CPAC speaker Scott Walker: What to know about former Wisconsin governor

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Former Wisconsin Gov. Scott Walker is set to speak at the 2021 Conservative Political Action Conference (CPAC) on Friday morning.

In a Thursday tweet, the once GOP presidential candidate teased that he would be talking about free speech.

"The left is trying to intimidate us, recall us, and cancel us," he wrote. "We have to fight back!"

Who is Scott Walker?

Walker was born in Colorado Springs, Colo., in November of 1967 to Patricia and Llewellyn Walker. Patricia was a bookkeeper and Llewellyn was a Baptist minister.

In 1970, the Walker family moved to Plainfield, Iowa, before the family packed up again and headed to Delavan, Wis.

There, Walker became an Eagle Scout and Patricia was a den mother -- building upon a legacy of service that he would continue throughout the course of his career in politics.

After being selected to attend the American Legion’s Badger Boys State Program in Ripon, Walker was also picked as one of two representatives to Boys Nation in Washington, D.C.

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In a 2010 interview with the American Legion, Walker said the trip to the nation's capital and the Vietnam Memorial "solidified" his interest in pursuing public service.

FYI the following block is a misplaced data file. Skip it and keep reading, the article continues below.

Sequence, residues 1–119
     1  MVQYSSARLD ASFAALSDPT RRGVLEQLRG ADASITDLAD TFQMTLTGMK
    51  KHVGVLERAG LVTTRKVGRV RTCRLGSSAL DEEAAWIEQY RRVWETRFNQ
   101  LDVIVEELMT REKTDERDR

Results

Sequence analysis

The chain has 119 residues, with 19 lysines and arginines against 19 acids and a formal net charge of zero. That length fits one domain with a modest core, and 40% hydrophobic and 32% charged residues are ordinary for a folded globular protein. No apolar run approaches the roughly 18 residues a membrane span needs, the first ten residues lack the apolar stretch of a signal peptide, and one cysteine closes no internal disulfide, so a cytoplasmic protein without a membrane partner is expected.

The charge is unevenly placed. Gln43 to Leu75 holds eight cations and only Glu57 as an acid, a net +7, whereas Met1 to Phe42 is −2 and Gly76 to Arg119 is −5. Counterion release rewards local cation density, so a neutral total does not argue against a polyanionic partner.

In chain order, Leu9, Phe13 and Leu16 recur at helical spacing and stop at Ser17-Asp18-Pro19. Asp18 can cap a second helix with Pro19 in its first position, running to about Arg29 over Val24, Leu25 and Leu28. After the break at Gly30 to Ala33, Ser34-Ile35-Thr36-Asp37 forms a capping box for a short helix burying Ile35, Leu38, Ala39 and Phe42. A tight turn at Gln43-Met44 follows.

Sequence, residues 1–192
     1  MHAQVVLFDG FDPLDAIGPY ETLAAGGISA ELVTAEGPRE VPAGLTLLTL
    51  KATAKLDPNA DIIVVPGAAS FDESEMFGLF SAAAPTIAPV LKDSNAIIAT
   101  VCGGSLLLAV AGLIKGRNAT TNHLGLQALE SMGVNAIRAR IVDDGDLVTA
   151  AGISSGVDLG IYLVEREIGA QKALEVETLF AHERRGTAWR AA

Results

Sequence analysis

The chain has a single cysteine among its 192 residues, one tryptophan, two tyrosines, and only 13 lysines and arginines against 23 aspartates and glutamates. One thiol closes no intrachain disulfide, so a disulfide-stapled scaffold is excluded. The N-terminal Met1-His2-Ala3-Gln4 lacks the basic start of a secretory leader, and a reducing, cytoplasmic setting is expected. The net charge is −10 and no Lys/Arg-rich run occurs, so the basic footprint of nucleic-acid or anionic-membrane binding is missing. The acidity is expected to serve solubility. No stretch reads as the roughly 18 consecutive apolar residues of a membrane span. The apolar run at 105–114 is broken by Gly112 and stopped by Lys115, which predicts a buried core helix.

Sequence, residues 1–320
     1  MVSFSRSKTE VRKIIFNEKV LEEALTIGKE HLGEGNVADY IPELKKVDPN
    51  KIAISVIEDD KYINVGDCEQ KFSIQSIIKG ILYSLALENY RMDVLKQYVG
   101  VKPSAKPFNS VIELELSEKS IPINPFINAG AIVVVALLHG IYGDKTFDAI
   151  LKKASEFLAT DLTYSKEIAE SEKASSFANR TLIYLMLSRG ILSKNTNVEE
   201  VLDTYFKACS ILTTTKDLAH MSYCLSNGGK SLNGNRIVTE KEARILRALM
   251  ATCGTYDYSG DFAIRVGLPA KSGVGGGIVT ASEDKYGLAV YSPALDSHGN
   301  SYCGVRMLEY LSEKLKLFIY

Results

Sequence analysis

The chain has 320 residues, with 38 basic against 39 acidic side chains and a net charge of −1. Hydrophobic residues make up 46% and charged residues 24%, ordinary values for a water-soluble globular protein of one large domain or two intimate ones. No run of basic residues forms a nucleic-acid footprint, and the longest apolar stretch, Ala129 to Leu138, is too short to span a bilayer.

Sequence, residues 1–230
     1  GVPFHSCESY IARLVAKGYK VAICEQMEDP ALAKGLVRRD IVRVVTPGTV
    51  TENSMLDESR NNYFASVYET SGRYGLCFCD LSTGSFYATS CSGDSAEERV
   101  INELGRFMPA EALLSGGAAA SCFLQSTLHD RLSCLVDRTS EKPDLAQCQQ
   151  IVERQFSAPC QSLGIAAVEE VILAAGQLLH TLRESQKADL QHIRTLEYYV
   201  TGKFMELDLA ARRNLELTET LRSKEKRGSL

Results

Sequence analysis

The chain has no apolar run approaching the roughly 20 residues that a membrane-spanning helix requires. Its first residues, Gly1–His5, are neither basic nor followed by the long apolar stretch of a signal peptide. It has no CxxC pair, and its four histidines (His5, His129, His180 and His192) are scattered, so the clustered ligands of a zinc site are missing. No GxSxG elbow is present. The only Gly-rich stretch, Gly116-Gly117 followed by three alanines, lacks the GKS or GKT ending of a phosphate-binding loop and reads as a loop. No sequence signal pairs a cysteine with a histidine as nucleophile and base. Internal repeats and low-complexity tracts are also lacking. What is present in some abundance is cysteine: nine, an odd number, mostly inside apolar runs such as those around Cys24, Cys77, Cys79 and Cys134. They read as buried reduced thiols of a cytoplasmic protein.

Walker was also an active member of the Delavan-Darien High School track team, winning numerous conference championships

The 1,600-meter relay team member graduated from the school in 1986 and began studying at Marquette University in Milwaukee.

There he was elected to the student Senate and was an active College Republican. He studied political science, economics and philosophy, and would run for both Inter-Residence Hall Council president and student government president between 1987 and 1988, according to Politifact.

Feb. 11, 2015: Wisconsin Gov. Scott Walker delivers a speech at Chatham House in central London. (AP Photo/Lefteris Pitarakis)

After a tough race against liberal Chicagoan John Quigley and some scandal surrounding the confiscation of the Marquette Tribune after it endorsed his opponent, Walker lost again in 1988 and disappeared from the student government scene.